Thursday, April 30, 2020

Goniophora hamiltonensis pelecypod from the Moscow Formation

The large shell of Goniophora hamiltonensis is easy to recognize but the trapezoid shape with a rounded anterior end and an angular posteior end with two straight edges that almost meet at a 90 degree angle. This specimen is somewhat 3D in shape so the ridge, that angles down from the umbo to the margin where the straight edges meet, is very prominent.  Concentric growth lines finish off the decoration on the shell exterior.

Looking down the ridge

This specimen has a few interesting features that I interpret as worm tubes and an inarticulate brachiopod that lived on the interior of the shell as it lay on the seafloor. My interpretation of this is based on the presence of linear bumps that have the concentric growth lines passing over them. the roundish blob that is near the ridge of the shell look like the cemented brachial valve of a Petrocrania sp. type inarticulate brachiopod.  All of these interpretation make me think that this fossil is a cast of the original shell.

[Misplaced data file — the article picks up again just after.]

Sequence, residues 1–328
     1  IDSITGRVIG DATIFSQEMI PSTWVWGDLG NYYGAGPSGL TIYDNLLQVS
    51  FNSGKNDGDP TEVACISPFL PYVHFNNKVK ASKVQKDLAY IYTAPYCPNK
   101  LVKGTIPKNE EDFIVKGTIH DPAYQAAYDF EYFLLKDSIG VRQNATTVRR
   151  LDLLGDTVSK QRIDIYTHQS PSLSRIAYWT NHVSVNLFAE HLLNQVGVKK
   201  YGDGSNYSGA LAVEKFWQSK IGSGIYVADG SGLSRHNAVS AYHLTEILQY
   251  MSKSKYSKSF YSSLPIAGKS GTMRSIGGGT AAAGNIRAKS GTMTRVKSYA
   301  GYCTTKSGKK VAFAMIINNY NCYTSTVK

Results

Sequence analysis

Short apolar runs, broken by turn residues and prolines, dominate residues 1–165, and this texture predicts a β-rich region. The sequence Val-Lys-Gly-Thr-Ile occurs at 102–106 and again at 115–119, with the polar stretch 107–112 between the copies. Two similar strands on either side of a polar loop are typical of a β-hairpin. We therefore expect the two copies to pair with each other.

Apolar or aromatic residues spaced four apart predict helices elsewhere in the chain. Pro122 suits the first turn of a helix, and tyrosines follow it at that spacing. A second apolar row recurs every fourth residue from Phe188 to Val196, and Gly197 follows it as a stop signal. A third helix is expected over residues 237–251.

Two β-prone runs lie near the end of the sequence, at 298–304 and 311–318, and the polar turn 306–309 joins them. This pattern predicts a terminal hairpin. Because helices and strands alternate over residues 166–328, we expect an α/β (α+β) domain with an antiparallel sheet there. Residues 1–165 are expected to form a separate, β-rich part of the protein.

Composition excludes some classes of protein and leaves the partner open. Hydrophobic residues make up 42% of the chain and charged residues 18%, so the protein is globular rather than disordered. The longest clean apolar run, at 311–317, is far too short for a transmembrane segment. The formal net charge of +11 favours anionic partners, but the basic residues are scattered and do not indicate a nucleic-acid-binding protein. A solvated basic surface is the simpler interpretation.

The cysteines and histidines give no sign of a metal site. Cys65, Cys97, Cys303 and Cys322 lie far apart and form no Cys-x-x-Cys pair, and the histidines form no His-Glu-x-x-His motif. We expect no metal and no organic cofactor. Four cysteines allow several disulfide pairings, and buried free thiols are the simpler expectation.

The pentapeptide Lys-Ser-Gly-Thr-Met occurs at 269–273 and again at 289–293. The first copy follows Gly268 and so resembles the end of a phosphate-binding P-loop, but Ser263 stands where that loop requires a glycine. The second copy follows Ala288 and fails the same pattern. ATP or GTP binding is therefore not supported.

This specimen was found at a borrow pit on Deep Springs Road in Madison County, NY which exposes the Windom shale member of the Moscow formation (middle Devonian in age, Givetian stage.)

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